REVIEW: Footsteps in the Dark by Georgette Heyer
What begins as an adventure soon becomes a nightmare…
Locals claim it is haunted and refuse to put a single toe past the front door, but to siblings Peter, Celia, and Margaret, the Priory is nothing more than a rundown estate inherited from their late uncle-and the perfect setting for a much-needed holiday. But when a murder victim is discovered in the drafty Priory halls, the once unconcerned trio begins to fear that the ghostly rumors are true and they are not alone after all! With a killer on the loose, will they find themselves the next victims of a supernatural predator, or will they uncover a far more corporeal culprit?
I had never read a Heyer mystery before and saw this on offer for review. What the heck, I thought. It’s very much a product of its time in language and details with a touch of post WWI séance and gothic overtones tossed in. There’s also a fair amount of Heyer’s class distinction as well. Our heroes and heroines are all upper-class (though not aristocrats) and the bumbling police constable as well as the local inspector are obviously considered working class.
The actual mystery isn’t that complex or hard to follow despite the sprinkling of red herrings and possible suspects. Once clues begin to be dropped, I guessed who the major villain was though not what he was actually up to. The location of the country house and its past history are important but it was still fun to watch everyone suss out what was going on and how it was accomplished. The style is a bit slower than modern stories allowing the details to be built up at a leisurely pace. One thing that interested me is how Heyer doesn’t hold onto all the plot cards until the end but reveals some key things all along the way.
I enjoyed the couples – Celia and her unflappable barrister husband as well as her brother and sister Peter and Margaret – who is pluck to the backbone. There’s even a quick romance with a hilariously understated British engagement scene – please, hold the emotion, we’re English. The Bowers – butler and housekeeper who have known the three siblings since the cradle – take no guff from them and keep the gormless constable in line.
It ends up being a bit of a country house, cozy, amateur sleuth, police procedural coated with historical details and complete with a teensy bit of class snobbery expected for the early 1930s. It’s fairly well thought out if a bit convoluted towards the end. Seriously, Margaret’s love interest was hesitant she would marry him because he’s with the CID? Yep he was. So roll down your stockings, kick back with a Bronx cocktail darling, enjoy the witty and charming banter and sink back into days gone by. B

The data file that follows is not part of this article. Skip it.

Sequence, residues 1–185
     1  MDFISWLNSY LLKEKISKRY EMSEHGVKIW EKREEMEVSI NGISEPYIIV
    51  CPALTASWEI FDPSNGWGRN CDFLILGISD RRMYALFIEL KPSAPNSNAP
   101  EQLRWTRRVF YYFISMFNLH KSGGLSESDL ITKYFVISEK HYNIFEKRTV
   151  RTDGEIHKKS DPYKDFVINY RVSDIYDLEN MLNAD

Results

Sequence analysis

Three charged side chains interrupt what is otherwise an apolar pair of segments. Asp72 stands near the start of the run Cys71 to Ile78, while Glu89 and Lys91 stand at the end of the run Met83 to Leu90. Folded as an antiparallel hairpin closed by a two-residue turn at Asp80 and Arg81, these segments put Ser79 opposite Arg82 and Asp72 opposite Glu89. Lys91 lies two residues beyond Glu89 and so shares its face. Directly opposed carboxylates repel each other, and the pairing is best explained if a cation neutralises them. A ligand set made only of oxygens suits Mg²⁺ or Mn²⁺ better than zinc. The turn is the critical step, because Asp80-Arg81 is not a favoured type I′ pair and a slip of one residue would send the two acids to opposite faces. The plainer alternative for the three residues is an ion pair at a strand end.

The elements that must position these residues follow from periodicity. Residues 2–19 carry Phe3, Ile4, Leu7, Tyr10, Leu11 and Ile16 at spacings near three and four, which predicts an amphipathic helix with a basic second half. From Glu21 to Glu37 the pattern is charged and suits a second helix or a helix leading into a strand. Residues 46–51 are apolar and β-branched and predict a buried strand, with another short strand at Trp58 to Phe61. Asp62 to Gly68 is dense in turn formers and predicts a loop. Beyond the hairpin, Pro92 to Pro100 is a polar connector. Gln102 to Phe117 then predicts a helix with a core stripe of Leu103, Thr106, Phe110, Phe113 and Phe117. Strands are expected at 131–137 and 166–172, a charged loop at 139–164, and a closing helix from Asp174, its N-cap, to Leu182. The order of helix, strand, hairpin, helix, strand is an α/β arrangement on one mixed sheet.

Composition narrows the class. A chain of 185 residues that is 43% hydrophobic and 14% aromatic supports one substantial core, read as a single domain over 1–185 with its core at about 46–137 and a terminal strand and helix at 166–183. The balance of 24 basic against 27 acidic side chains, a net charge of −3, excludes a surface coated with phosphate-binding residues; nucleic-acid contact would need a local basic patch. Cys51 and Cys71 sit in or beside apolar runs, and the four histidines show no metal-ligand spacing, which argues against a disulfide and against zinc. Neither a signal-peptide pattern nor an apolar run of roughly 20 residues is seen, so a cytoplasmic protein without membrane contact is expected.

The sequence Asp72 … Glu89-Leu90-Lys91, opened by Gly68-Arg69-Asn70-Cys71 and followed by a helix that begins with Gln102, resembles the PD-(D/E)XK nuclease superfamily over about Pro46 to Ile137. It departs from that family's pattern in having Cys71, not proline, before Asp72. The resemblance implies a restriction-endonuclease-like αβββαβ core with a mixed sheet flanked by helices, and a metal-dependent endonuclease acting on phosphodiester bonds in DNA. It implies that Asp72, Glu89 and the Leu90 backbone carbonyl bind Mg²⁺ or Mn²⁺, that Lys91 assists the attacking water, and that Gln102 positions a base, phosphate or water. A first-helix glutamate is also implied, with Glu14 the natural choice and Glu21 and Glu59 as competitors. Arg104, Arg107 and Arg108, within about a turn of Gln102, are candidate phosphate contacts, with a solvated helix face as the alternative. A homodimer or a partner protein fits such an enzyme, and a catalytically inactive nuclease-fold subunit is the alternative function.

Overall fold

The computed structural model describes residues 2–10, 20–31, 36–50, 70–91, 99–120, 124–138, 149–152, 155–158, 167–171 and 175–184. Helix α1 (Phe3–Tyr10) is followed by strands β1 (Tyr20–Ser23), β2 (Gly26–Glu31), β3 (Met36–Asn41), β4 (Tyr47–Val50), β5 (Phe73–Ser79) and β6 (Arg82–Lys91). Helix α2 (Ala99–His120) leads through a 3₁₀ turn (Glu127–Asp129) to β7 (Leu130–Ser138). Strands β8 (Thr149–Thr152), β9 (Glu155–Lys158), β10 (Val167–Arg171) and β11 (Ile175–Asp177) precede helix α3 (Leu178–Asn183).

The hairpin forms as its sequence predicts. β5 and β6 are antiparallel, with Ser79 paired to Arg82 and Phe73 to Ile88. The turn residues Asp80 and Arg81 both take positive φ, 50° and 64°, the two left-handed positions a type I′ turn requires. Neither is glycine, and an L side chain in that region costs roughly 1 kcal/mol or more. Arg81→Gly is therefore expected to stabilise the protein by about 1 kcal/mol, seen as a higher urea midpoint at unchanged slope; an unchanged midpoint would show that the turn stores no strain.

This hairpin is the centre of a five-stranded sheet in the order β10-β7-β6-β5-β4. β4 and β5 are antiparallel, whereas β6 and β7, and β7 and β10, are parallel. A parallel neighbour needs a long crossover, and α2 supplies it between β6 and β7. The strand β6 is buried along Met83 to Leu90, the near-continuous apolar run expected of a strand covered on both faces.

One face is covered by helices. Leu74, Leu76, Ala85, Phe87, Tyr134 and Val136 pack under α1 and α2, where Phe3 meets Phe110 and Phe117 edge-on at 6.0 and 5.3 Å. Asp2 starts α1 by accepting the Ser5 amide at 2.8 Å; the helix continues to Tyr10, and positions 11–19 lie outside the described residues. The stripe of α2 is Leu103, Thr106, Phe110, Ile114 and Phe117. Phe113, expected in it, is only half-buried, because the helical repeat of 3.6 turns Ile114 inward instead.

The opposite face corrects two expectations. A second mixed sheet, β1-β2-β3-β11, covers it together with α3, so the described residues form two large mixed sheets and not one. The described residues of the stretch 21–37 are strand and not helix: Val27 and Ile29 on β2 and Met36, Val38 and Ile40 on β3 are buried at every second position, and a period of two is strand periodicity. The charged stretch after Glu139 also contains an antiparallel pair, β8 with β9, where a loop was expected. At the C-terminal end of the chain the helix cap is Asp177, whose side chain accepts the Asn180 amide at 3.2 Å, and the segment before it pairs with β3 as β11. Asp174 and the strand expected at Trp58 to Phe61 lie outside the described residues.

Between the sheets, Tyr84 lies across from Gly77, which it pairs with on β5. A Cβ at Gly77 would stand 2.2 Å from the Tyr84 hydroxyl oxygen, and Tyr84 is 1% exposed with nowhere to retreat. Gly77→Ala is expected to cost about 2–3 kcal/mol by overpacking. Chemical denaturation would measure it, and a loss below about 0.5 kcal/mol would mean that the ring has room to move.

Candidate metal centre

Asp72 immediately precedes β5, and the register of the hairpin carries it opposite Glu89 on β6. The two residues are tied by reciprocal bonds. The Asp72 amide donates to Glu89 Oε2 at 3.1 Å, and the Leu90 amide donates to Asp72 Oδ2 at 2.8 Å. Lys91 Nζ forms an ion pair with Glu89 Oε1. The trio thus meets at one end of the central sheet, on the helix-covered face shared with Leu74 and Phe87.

Oh you should read Envious Casca if you ever get a review copy. That was my first Heyer. Mystery is not a focus as it was obvious but the snark and humor in that book was loads of fun. It’s known that her mysteries were never complex. I didn’t care for A Blunt Instrument though. It was sorta uneven and forgettable.
I thought I had all the Heyer mysteries, but I don’t remember this one at all. But $11 for the ebook, when I paid $1.75 for my paper copies back in the day?
@Sandra: Sourcebooks does sales and for a while, some of these books were available to read with KU. Maybe a library has a copy? Mine has the audiobook which I want to check out at some point.
@Keishon: Thanks for the rec; I’ll keep it in mind when I’ve got a free spot on my reading schedule.
I think this might be the only Heyer mystery I haven’t read, and yes, you read them more for the humour and the social history than the mystery. As for the romance (which is an element of most if not all of them) well, Heyer doesn’t seem to go in for gushing declarations, even in her classic romantic novels, judging from the few I’ve read so far. The latest was Cotillion (which I loved) and it surprised me with a scene at the end which was positively fulsome for Heyer.
The best romance in Heyer’s mysteries is in Behold, Here’s Poison, which plays around with the detective story format in a very funny way. Maybe I should read some of these books again; it’s been at least ten years now……
Coming late (I somehow missing seeing this review) but I wanted to note that this was the first of Heyer’s “thrillers” and she wasn’t happy with it. She suppressed the republication in her lifetime and it was only after her death that her husband or son reconsidered this decision.
That said, being by Heyer, it still has its fun elements and is worth the read. (The audiobook we listened to wasn’t great.)
Why Shoot a Butler, her next thriller, was better. My favorites are Envious Casca and Death in the Stocks because of the wonderful characters.
@Kari S.: My library has an audiobook but I didn’t get far with it. The narrators were trying (I think) for the brittle Bright Young Things style (understandable, given the setting of the book) but it got on my nerves before too long.